Environmental Trade-Offs of Autonomous Vehicles: Convenience Will Likely Come at a Cost

EasyMile Autonomous Vehicle

EasyMile Autonomous Vehicle

Optimistic predictions expect reliable autonomous vehicles to be commercially available by 2030, at a time when mobility is undergoing a profound shift away from traditional modes of transportation and towards door-to-door services. Previous analysis suggested that public transport will lose market share to autonomous vehicles, but the environmental impact of changing transport use has hardly been considered. New research shows that the convenience of autonomous vehicles would likely come at an environmental cost.

A recent paper by researchers from the University of Wisconsin-Madison addresses the use-phase implications of autonomous vehicles using a stated preference survey to reveal the potential users of autonomous vehicles and the resulting level of competition with traditional modes of transport. The results show an expected increase in environmental impacts across all the categories studied, due to a shift from less carbon-intensive transportation options. The authors also confirm that the use of electric autonomous vehicles could change this environmental outcome. Their research is published today (May 18, 2021) in the IOP Publishing journal Environmental Research Letters.

Autonomous vehicles are expected to offer significant benefits in terms of transport operations, safety and accessibility; however, these benefits may mask potential environmental impacts. Clearly, the adoption of autonomous vehicles will be accompanied by travel behavior changes, however, research to date has mostly focused on autonomous vehicle technology and not on the environmental impacts that will result from transport mode shifts. This new research therefore examines these impacts based on four categories: energy consumption, greenhouse gas emissions, particulates, and pollutants.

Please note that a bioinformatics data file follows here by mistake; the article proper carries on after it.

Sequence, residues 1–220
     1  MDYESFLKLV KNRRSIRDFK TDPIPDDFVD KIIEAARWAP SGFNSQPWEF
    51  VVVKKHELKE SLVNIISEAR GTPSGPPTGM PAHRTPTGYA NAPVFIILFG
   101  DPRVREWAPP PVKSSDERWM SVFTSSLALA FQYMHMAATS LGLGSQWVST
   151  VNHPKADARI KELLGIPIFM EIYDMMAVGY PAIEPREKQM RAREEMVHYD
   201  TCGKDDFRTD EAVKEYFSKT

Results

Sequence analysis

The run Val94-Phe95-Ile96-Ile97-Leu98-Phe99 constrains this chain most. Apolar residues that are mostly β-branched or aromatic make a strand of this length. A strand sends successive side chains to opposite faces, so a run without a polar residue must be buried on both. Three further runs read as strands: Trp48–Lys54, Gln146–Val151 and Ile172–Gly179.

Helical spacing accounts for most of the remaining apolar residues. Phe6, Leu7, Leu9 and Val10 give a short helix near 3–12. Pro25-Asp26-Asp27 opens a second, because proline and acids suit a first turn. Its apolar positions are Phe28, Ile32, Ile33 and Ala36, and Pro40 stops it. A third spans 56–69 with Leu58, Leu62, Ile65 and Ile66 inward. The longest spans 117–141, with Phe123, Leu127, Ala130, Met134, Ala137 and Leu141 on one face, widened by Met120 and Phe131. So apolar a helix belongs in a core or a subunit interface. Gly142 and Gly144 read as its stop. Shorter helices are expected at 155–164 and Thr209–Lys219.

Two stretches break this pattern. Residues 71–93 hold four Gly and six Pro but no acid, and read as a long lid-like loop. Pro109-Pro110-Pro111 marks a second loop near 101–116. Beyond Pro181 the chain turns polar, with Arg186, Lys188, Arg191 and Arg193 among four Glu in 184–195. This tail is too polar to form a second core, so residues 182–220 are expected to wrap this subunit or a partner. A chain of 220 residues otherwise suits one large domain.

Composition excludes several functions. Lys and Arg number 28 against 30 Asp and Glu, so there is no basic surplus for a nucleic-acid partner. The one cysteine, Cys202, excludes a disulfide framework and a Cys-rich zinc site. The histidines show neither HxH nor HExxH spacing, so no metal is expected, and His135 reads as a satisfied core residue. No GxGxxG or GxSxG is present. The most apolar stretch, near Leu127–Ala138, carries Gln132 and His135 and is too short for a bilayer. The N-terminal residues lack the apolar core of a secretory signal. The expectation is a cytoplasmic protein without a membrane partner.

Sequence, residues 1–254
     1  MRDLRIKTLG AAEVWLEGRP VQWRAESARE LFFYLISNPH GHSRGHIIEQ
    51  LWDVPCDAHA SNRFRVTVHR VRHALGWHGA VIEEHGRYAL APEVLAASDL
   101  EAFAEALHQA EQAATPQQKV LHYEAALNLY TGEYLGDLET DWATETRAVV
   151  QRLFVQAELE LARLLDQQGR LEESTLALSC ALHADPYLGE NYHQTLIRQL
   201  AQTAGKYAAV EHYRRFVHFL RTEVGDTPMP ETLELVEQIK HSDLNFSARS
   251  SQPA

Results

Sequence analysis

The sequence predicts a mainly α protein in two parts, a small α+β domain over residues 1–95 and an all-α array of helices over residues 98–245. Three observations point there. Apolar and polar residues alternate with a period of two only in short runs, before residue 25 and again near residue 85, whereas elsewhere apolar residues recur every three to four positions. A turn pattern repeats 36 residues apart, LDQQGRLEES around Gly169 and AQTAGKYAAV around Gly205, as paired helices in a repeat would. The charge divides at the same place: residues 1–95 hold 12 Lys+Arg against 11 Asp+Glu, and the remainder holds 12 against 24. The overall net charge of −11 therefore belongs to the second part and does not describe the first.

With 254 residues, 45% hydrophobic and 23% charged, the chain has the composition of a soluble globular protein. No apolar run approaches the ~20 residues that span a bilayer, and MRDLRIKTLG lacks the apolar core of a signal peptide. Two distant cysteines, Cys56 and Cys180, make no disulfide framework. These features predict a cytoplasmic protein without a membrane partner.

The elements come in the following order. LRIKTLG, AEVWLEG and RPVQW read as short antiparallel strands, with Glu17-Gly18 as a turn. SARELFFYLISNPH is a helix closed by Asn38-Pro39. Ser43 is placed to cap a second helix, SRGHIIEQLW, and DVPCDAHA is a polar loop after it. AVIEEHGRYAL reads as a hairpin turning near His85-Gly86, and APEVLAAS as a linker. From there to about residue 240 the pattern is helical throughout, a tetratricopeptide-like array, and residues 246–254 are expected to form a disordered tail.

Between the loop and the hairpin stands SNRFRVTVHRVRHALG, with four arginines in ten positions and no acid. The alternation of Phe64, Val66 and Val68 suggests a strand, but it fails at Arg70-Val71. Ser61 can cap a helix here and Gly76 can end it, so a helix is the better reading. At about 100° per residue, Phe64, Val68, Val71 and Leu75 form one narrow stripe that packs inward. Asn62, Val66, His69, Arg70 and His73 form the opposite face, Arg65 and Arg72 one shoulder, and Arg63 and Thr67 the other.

A survey conducted in Madison, Wisconsin, examined attitudes to transport modes and found that in choice experiments between private vehicles, autonomous taxis, buses, and bicycles, respondents would use autonomous vehicle taxis 31% of the time due to their desirable operational and modal attributes. By contrast, buses had a significantly longer access time due to walking and waiting, and personal vehicles were the midway choice. However, commuters who owned a personal vehicle were less likely to choose an autonomous vehicle, implying that autonomous vehicles primarily compete with public transport; therefore, policies aiming to reduce commuting in personal vehicles might not be fully successful in reducing environmental impacts.

The researchers then examined the impacts of policy and service changes via a series of simulations, which confirmed that autonomous vehicles primarily compete with the environmentally preferred transport mode, buses. They also showed that a decrease in bus travel times would result in a significant increase in bus usage. The environmental predictions showed increases of between 5.7% and 6.85% in the energy and pollution categories, a significant impact, given that transport accounts for 28% of the greenhouse gas emissions in the U.S.

To offset the environmental impacts of autonomous vehicles, the researchers considered the use of electric autonomous vehicles, considering the use phase only. The results showed that electric autonomous vehicles can offset the environmental impact of autonomous vehicles, subject to a suitable mix of electricity generation methods, and if the adoption rate of electric autonomous vehicles is over about 40%.

This new research into the use-phase environmental impacts of autonomous vehicles will help researchers and policymakers to exploit the full potential of autonomous vehicles while taking any potential environmental implications into account. Cities seeking to deploy autonomous vehicles will need to steer their deployment in ways that both match consumer adoption patterns and are environmentally beneficial.

Author Wissam Kontar said: “The transportation system is on the verge of a major paradigm shift. Emerging technologies as autonomous and electric vehicles, along with change in commuting behavior will have significant operational and environmental impacts. It is of crucial importance that we consider those impacts conjointly, if we are to forge an efficient and sustainable mobility of the future.”

Reference: “Autonomous Vehicle Adoption: Use Phase Environmental Implications” by Wissam Kontar, Soyoung Ahn and Andrea Hicks, 18 May 2021, Environmental Research Letters.
DOI: 10.1088/1748-9326/abf6f4

Funding: Center for Transportation Equity, Decisions, and Dollars (CTEDD) funded by U.S. Department of Transportation Research and Innovative Technology Administration (OST-R)

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